Brad Paisley was born to entertain. From his stage presence and exemplary guitar work to his songwriting, Paisley delivers the full artist package.
Over the last 24 years, the West Virginia native has released some of the most heartbreaking, powerful songs in country music history, punctuated with a distinctive humour that truly showcase not just his musical flexibility but also his big personality. Holler takes a look at some of the best songs that he’s released over the years.
Check out the playlist above to listen 25 of the Best Brad Paisley Songs in full and dive into the top 10 below.
Paisley wrote this no.1 hit with Ashley Gorley and Chris DuBois.
Country music is known for its clever lyrics and it doesn’t really get more so than this, as the protagonist goes through the different stages of life, with a hook line tying it all together; “I thought I loved you then”.
Nothing compares to how strong his love has grown now and 'Then' is one of the most beautiful country love songs ever recorded.
One of country music's greatest songs about fishing!
This song begins as a ballad, all before the punchline at the beginning of its honky-tonk chorus. Paisley and Frank Rogers penned the tune whilst still at Belmont University in the early 90s.
Garth Brooks, George Strait and Alan Jackson all supposedly showed interest in recording the song, but Paisley kept it to himself and took it to no.1 in 2002.
This is a typical country song, all about chevy trucks and falling in love. It’s got a toe-tappingly good chorus, the fiddle adding that extra country flare before Paisley enters with a guitar solo towards the end - a skill he’s famed for.
Taken off his debut album, this was the first glimpse we got of Paisley's romantic side. Lyrically, it's a classic storytelling country song about a barman who falls in love with a girl who's left her purse behind. The pair strike up a whirlwind romance after sharing a dance when she goes to collect it.
Paisley's vocals are soft and laid-back as he sets the scene, accompanied by a gorgeous high-pitched piano.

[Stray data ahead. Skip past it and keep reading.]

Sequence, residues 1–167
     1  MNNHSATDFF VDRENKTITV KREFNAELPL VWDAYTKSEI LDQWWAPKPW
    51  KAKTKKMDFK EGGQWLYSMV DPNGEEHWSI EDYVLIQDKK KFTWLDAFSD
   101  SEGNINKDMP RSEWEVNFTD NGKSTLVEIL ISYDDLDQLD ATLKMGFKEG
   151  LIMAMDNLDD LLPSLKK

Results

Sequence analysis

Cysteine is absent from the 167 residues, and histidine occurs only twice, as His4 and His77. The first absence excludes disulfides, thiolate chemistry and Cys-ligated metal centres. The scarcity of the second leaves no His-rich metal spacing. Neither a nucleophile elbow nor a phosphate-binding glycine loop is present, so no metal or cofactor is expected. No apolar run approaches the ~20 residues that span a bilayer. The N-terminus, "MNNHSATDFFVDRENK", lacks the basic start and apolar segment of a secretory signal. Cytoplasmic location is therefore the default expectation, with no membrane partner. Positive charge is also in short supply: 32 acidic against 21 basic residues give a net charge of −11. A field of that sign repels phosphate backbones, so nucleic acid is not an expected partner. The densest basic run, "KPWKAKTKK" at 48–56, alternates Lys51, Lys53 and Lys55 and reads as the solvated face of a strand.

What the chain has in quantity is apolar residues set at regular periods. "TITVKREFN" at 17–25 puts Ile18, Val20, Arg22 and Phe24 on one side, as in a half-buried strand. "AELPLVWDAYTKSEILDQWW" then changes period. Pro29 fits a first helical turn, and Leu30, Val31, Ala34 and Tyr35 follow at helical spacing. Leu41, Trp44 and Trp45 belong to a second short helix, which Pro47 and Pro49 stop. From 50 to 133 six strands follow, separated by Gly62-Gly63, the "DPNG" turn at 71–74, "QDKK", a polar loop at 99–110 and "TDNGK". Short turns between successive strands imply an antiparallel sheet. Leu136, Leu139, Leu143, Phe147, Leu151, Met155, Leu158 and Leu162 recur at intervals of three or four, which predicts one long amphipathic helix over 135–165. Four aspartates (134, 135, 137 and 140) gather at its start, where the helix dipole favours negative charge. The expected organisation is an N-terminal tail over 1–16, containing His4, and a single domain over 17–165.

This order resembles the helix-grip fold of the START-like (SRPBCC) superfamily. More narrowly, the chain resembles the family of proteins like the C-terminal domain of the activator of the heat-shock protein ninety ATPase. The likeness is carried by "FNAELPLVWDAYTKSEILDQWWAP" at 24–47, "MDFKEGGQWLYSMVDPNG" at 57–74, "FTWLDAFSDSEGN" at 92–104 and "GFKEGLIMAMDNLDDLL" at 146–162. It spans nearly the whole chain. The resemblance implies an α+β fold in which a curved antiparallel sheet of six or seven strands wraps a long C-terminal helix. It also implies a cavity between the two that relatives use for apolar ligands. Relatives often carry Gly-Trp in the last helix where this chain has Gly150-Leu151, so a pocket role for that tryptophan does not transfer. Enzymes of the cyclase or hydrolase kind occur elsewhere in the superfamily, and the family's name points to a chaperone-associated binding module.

Another playful one from Paisley’s prime, on which he explains to his partner that "he’s still a guy" when she tries to curb his stereotypical masculine behaviour.
This no.1 is a fan-favourite at his concerts, the majority of the guys in the audience belting it out, beer raised in the air as if it was their national anthem! It also features some more fantastic guitar playing from Paisley.
This track is a nod to the great genre we all know and love, with Paisley once saying in an interview; “This is my love song to my fans, who live all our songs every day, and to this industry, which produces this music that does become the soundtrack to people's lives”.
Towards the end of the song, Paisley makes reference to several classic country hits, such as Tammy Wynette’s ‘Stand By Your Man’ and John Denver’s ‘Take Me Home, Country Roads’.
This upbeat comedy song was Paisley’s ninth No.1 on the country charts. The production matches the lyrical content as the mellophone starts the song, before Paisley addresses the contradictions of how people appear online and in reality. It’s certainly a relatable notion.
In the early-to-mid-noughties, Paisley was in his prime. For this no.1, Paisley gets in touch with his sensitive and spiritual side as he speaks positively about life after death.
The lyrical imagery is vivid, as he sings, “I’ll land beside a lion / and run my fingers through his mane”.
Dolly Parton’s vocals further enhance the song, which won Vocal Event of the Year at the CMA Awards in 2005.
This double-platinum duet with Alison Krauss was penned by Bill Anderson and Jon Randall, and is up there with the saddest songs in country music. The lyrics bring to light the devastation that alcoholism can bring about, all set to a lovely acoustic arrangement featuring the dobro.
The song was named CMA Song of the Year in 2005.
Country songwriters have often turned their attention to fathers, but it's rare that they've sung the praises of step dads.
He took the inspiration for his first country number from his co-writer's relationship with his stepson McCain Merren. Written from the perspective of a son looking on as his single mother begins dating a new man. Unlike all her previous boyfriends, the new boyfriend makes an effort to form a relationship with the child as well and the song thanks him for putting in all the effort with him that didn't come unconditionally.
Brad Paisley said that when the two of them came to write the song, he suggested writing a song about Lovelace's step dad and son dynamic, and said to him, "Let's make a song about you two that will make your wife cry."
They had country music fans everywhere blubbering along too.
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